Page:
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Response re: Bill 10

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Childcare Resource and Research Unit
Publication Date: 
19 Nov 2014
PDF icon Response to bill 10 Nov 19.pdf222.47 KB



1. The Childcare Resource and Research Unit supports the intent and purpose of Bill 10 and urges the Legislature to pass it. We agree that new legislation is a necessary component of a high quality child care system and generally support most of the specific clauses and details.

We are concerned that so much of the discussion about Bill 10 has become focused on issues associated with unregulated home child care while many other important aspects of child care in Ontario go unaddressed.

We also suggest that the considerable misinformation and confusion about the nature of regulation in home child care and how it contributes to children's safety and quality warrant a provincial public education campaign.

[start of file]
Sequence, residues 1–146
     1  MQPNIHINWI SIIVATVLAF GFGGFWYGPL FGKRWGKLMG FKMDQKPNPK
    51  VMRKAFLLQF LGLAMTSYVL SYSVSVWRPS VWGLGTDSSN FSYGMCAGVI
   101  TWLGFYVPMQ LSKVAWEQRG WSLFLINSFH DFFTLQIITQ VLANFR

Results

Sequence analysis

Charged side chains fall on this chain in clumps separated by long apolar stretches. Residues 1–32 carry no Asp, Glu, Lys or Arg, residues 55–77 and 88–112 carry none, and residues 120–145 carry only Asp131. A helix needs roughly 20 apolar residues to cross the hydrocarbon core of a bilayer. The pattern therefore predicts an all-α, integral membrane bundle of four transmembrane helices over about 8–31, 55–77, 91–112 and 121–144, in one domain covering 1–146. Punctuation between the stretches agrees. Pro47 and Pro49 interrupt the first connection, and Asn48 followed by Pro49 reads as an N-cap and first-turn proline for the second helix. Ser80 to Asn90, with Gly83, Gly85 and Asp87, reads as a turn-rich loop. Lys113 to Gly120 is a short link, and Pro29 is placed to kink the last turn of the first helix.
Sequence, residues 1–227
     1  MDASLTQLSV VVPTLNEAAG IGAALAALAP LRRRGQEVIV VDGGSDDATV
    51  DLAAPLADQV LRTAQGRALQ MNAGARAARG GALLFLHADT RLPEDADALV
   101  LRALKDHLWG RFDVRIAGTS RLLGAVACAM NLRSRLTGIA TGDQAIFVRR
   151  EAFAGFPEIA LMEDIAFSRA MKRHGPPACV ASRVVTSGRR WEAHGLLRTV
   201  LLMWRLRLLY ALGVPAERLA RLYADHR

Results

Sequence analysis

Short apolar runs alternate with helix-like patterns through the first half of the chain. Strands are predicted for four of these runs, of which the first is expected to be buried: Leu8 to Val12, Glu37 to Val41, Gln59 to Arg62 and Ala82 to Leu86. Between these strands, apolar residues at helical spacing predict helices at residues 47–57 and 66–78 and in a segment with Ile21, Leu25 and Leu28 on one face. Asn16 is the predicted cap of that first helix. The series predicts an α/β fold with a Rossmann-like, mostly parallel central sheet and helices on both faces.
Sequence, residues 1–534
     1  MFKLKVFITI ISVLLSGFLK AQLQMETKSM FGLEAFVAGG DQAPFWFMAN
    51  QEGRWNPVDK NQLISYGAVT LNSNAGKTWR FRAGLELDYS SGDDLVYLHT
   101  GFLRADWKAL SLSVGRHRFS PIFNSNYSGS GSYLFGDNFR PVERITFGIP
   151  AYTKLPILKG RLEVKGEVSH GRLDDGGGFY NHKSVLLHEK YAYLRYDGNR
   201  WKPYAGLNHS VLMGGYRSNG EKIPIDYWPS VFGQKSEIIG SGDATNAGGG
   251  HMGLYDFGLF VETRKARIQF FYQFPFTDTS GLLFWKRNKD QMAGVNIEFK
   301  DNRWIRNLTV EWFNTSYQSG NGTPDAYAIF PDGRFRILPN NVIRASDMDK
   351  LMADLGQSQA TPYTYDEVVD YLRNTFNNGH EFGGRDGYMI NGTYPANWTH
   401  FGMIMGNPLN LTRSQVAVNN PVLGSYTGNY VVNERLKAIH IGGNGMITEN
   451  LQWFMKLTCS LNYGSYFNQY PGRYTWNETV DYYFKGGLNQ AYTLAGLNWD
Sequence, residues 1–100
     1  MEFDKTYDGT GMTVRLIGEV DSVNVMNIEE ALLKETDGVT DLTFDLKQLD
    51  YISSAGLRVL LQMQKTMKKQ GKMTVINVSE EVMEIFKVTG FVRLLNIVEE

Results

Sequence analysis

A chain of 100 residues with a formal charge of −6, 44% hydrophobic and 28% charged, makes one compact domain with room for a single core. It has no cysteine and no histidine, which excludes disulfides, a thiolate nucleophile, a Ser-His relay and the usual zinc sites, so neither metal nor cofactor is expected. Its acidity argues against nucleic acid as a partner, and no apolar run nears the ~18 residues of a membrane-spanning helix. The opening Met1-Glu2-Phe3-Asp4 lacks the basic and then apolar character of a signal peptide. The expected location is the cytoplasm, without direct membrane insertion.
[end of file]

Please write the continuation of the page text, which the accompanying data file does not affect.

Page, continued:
2. We have several specific suggestions for amendments and additions to the legislation. These are by no means as exhaustive as they could be if there were a more robust policy process, more thorough consultation and a longer timeframe.

3. We argue that this legislation alone is not sufficient for the development and sustainability of the high quality early childhood education and child care system that Ontario needs. We suggest that the context has changed considerably since the Ontario government began to develop this legislation in 2011 and that the current political climate is a more favourable one for a more expansive approach to child care.

Thus we urge the provincial government to begin a full policy process to develop a robust, comprehensive ("modernized") policy framework that lays out the provincial government's vision, rationales, principles, short and long-term plans, funding and evaluation mechanisms.

We suggest that the format of a traditional White Paper process would be appropriate.

We believe that this policy process needs to address such key issues as: how the high quality child care workforce (including home child care) needed to ensure high quality services will be ensured; how child care and kindergarten will become better integrated; how child care services will become affordable; how the supply of services will be grown to cover more than the 20% of children now covered; how the child care market will be transformed to a system, to name some of the most important policy issues that need to be addressed.

We would look forward to working with the provincial government on such a task.